ACTUAL CASE HISTORY: Rosemary, 51, a Senior Trader at a large commodity firm, had been on the job for 9 years. One day a memo came in from Human Resources about the company’s new stock option plan. To her surprise, she was among those “valued employees who were being offered a goodly number of stock options, as a reward for long-term service and loyalty. She was elated; she felt that “at long last, I’m being recognized for my contribution.” When the papers arrived for her signature, Rosemary took them home, and as always, had her brother-in-law, an attorney give them a once-over.

Her brother-in-law told her the papers were just fine, but one thing did bother him: on page 47 of the stock option plan, it said words to the effect “By signing this stock option agreement, you are promising that, should your employment with the company end for any reason, you will not work for a competing firm for a period of twelve months.” That is, buried within the stock option plan was a non-compete agreement.

Rosemary gave the matter some thought, but decided that the chances of her leaving the company were far-fetched. “Anyway,” she thought, “everyone knows these things aren’t enforceable.” She signed, and looked forward to the options being vested in two years.

Eight months later, Rosemary’s company merged with its direct competitor. The competitor had two Senior Traders who already covered Rosemary’s area of expertise, and she was let go. When she landed a job at a smaller competitor, she didn’t give the non-compete a moment’s thought. Three weeks later, she was called into Human Resources, shown a “cease and desist” letter the new employer had received, and asked to leave. She was told, “It’s not that we don’t like your work, or that we think this is fair, but we don’t want to get involved in a lawsuit, and our attorneys tell us that’s a risk. We’re so very sorry.”

Rosemary was out of work for 14 months. She never received the benefits of those stock options. But she sure paid a price for them.

LESSON TO BE LEARNED: Freedom is a precious commodity…especially yours. Your ability to work for whom you want, doing what you want, and where you want, should not be given away capriciously. In the increasingly competitive marketplace for the valuable skills, knowledge and contacts of executive employees – what we call “unique human capital” – employers are trying more and more to take away your precious freedom to work for their competitors.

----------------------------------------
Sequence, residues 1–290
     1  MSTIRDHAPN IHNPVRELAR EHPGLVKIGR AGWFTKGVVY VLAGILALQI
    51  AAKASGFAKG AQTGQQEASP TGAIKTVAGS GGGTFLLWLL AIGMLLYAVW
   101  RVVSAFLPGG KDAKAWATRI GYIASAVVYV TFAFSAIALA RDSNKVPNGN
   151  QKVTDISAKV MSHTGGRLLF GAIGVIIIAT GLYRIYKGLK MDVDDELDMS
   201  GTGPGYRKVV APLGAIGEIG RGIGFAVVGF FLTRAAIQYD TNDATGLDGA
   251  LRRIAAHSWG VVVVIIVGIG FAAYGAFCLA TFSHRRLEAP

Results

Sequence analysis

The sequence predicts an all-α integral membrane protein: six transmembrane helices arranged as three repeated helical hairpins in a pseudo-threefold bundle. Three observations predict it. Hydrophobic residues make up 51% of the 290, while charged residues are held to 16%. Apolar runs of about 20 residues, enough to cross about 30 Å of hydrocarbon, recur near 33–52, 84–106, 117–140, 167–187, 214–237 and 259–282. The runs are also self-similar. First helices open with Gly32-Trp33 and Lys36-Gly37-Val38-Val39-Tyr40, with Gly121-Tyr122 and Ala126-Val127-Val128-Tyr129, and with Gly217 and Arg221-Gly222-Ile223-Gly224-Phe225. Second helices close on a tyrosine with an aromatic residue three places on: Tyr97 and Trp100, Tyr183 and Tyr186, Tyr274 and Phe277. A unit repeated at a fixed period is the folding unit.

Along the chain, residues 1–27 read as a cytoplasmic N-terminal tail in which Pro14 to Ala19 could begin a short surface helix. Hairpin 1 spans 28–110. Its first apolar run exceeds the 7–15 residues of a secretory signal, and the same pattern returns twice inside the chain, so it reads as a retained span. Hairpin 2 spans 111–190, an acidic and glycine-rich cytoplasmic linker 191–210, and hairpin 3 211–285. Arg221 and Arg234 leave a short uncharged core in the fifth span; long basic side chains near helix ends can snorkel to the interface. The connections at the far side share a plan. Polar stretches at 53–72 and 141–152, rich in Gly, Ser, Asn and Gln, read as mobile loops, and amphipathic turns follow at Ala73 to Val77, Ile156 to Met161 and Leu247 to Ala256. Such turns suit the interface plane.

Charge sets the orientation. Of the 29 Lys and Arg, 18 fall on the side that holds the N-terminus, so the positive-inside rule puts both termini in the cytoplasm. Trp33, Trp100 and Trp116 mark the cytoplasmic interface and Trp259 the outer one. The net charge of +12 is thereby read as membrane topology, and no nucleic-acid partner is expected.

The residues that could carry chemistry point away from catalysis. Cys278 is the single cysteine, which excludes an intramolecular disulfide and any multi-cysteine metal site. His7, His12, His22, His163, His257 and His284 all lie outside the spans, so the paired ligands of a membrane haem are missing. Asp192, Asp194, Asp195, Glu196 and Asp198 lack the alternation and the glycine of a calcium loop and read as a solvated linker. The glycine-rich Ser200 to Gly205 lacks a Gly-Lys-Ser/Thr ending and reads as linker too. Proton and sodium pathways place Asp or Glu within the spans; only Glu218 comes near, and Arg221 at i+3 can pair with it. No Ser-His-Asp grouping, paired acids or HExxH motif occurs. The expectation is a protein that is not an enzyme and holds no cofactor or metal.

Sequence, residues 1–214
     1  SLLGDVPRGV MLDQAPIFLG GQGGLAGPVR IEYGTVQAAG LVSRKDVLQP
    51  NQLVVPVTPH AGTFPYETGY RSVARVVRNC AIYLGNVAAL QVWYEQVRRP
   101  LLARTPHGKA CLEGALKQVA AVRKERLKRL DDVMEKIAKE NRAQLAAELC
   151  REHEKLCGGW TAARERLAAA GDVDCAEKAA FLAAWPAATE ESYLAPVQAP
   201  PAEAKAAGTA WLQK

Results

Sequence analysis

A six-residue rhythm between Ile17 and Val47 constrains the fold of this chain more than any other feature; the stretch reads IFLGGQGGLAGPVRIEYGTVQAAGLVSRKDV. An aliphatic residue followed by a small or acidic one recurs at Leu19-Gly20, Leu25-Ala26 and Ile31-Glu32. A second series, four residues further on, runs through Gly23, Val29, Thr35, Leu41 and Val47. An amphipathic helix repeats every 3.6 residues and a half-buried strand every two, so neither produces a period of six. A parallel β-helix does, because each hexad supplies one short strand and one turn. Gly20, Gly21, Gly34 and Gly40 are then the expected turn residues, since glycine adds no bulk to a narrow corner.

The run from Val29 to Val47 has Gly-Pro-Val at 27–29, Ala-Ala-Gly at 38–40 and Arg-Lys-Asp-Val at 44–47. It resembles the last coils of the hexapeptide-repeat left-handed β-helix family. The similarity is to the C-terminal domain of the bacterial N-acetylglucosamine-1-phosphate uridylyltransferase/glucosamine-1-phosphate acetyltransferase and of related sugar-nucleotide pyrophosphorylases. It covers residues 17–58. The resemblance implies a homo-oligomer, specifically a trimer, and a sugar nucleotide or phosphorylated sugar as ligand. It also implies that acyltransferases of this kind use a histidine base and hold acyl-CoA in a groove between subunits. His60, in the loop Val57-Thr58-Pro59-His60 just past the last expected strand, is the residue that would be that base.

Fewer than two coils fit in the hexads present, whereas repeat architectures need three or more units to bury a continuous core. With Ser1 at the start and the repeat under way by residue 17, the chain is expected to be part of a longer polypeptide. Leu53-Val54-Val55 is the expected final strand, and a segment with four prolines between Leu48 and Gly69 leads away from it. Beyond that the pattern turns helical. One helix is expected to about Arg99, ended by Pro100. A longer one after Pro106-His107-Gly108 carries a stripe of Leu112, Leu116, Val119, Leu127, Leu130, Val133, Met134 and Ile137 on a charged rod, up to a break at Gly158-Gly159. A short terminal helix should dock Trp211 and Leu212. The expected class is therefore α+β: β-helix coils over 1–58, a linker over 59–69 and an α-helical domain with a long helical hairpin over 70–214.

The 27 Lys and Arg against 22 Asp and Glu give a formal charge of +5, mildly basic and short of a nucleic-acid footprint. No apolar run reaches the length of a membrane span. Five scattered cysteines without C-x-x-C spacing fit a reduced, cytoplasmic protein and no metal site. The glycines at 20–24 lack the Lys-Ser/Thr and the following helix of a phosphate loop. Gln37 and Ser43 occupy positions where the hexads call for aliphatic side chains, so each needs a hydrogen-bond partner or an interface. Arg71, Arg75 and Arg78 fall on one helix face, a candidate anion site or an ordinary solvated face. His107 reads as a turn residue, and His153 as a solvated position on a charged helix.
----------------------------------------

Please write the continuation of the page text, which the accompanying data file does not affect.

WHAT YOU SHOULD DO: If you’re asked to sign a “non-compete” agreement, by either a present or a prospective employer, you should consider the following:

  • You must presume two things: first, that the restriction is enforceable. Don’t let anyone tell you they are not enforceable; most are. Second, presume that your future circumstances will be such that the restriction will burden you. You may be denied the opportunity of a lifetime because you’ve signed such an agreement.
  • Non-compete agreements generally have three components: (a) the activities you cannot engage in, (b) the length of time you’re restricted, (c) the geography applicable. Try requesting reasonable limits on each. For example, if your present employer sells brushes to XYZ Corp., you should not be restricted from selling bookkeeping services to XYZ Corp.
  • Surely, if you don’t resign, but are one day involuntarily terminated, the non-compete should be expressly void: that is, if your company doesn’t want you, your company shouldn’t fear your working for competitors. This is particularly applicable to downsizings and restructurings. Ask that the provisions clearly state this.
  • If the requested restriction is central to your career (for example, you cannot practice your specialty anywhere in your state, consider requesting that your compensation and benefits be continued during any restriction period while you remain unemployed.
  • Consider the adage, “Just Say No.” Non-compete agreements may represent that much of a career risk that, without reasonable limits, the job may not be worth the risk. If you’re truly considered valuable, or even irreplaceable, your employer may just back down and withdraw the request that you sign the non-compete.
  • Anything lost in negotiation can later be retrieved in re-negotiation. If you should later develop greater negotiation leverage, try to restrict or remove the agreement again.
  • Non-compete agreements have “cousins.” You may also be asked to sign similar, but different agreements, including a promise that you won’t ask staff to move to another employer (non-solicitation of staff), or promise that you won’t disclose any information about the company (non-disclosure). These are usually less burdensome, but may still cause difficulties in a next job.
  • Lastly, always keep a copy. These days many prospective future employers will likely ask you whether you’ve signed such an agreement; you must be upfront. Let them review your non-compete, if they ask. In fact, it may be wise to request that they do so. Better no new job than a new job that lasts only two weeks, especially if your integrity is called into question as a result.

If you would like to obtain a “model” memo to help you respond to
a request that you sign a “non-compete” agreement [click here].

We also offer a 185-Point Master Guide and Checklist for Non-Competes, which includes (a) understanding, (b) negotiating, and (c) defending yourself against, a non-compete agreement. If you’d like to obtain a copy, just [click here].